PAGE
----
We're Not Going Back
Red Ladder Theatre Company
Leeds City Varieties Music Hall
The once ground-breaking and illustrious Red Ladder theatre company is back on the boards and singing the good old song of socialism and progress.
It swerved off course for a couple of decades, plunging into youth theatre (by way of feminism) then dwindling. But under the direction of Rod Dixon it has refound its roots and started to blossom once more.
Last year it lost 100% of its Arts Council funding, and now cocks a snook at those who said it would fold. This national tour, subsidised by Unite the Union, has been wowing audiences from Islington to miners’ welfares in Yorkshire.
And for good reasons. We’re Not Going Back, written by Boff Whalley and directed by Rod Dixon, tells the story of the ’84 to ’85 Miners’ Strike through the experience of three Yorkshire sisters. As different as chalk and cheese, but gradually unified by the cause, they form the core of the local Women Against Pit Closures group.
Victoria Brazier, Stacey Sampson and Claire-Marie Seddon capture character with delightful accuracy and when singing, for this is in some senses a musical, they are stunningly emotive.
Over the year of the strike the sisters develop new skills, new confidence, new strength. And when the strike is over they are amongst the first to recognise that there has been a sort of victory. They really are not going back. An irreversible change has taken place. This is a feel good production and, for me and the audience, it is very firmly on the right side.
Dixon’s direction is superbly unobtrusive, never drawing attention to itself with flash theatricality but allowing text and performance to meld together and do their work to effect. And, although this is classic small scale touring, designer Ali Alen has come up with a revolve which allows several scene changes. As with Dixon’s direction, and Tim Skelly’s lighting, the aim is accessible story-telling. Nothing gets in the way.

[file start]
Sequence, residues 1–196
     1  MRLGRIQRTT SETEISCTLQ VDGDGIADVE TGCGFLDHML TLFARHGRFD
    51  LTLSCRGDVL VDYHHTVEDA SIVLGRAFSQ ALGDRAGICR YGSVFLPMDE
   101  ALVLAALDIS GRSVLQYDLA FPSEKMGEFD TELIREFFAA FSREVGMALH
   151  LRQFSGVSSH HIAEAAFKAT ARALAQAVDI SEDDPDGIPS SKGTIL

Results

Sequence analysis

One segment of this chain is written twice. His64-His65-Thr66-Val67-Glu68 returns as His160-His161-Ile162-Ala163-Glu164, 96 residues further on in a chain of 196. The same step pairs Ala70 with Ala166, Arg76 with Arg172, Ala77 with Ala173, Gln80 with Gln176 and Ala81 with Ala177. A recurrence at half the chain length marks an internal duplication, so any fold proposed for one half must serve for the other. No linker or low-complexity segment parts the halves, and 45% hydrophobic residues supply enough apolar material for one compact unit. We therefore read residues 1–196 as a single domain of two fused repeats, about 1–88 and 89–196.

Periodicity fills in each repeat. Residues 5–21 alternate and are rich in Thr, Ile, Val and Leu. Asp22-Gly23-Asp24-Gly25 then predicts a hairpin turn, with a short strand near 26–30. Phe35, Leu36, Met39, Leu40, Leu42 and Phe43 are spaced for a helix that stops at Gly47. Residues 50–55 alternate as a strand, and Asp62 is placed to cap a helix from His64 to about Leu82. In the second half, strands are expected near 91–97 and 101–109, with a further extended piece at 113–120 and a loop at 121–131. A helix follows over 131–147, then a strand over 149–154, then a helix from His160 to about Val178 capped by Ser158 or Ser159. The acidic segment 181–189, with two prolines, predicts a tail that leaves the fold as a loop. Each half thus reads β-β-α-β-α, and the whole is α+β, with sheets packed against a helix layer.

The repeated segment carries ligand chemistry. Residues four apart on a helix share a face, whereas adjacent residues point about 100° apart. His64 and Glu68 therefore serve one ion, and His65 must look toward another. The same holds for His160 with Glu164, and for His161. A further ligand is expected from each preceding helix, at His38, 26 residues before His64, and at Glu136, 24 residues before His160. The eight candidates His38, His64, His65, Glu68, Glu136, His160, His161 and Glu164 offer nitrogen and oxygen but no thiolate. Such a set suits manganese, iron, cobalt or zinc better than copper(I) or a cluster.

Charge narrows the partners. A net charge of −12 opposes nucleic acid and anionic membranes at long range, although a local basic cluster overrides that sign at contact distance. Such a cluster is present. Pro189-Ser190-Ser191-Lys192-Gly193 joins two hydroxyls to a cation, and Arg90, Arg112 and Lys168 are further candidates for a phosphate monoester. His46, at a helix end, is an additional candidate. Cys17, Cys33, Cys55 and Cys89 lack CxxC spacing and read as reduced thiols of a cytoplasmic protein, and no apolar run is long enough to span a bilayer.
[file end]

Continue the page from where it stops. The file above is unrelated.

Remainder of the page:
Boff Whalley’s writing is well-crafted with gentle movements through pain and confusion, pride and joy. The whole features a regular input of perfectly timed and phrased comic lines worthy of Alan Bennett, to name but one master of a northern humour of knowing whimsy.
Try "there’s not a lot of joy in a fish-based relationship"—she works on the fish counter in the local supermarket, he goes fishing. Whalley tells much of the story in song, funny, moving, angry, always apposite, always beautifully written and beautifully performed. On stage with the three sisters is Beccy Owen, seated at her keyboard, playing and often singing along.
And Whalley knows how to make the emotion in this play all the more powerful by using the soft pedal. He also allows the sisters' story to reveal the story of a Yorkshire pit village community. Emotion is a key word, most of this Leeds audience had been miners or strike supporter, so we had that that best of all theatrical mixtures: laughter and tears. Our lovely old City Variety Music Hall swirled with a palpable sense of sadness combined with celebration. And as this play so clearly clearly shows, there is plenty to celebrate.
This is a play that never patronizes its audience, but speaks directly and clearly to them. It is a committed play, a play for yesterday, today, and tomorrow. The present tour ends on 21 February here in Leeds, but I think we will see it come round again. And if it comes your way—see it, take as many as you can with you. It is telling truths denied by our establishment media.
Welcome back Red Ladder, you’re living a fine tradition, and you’re needed now just as much as when you were founded in the heady days of 1968.
Reviewer: Ray Brown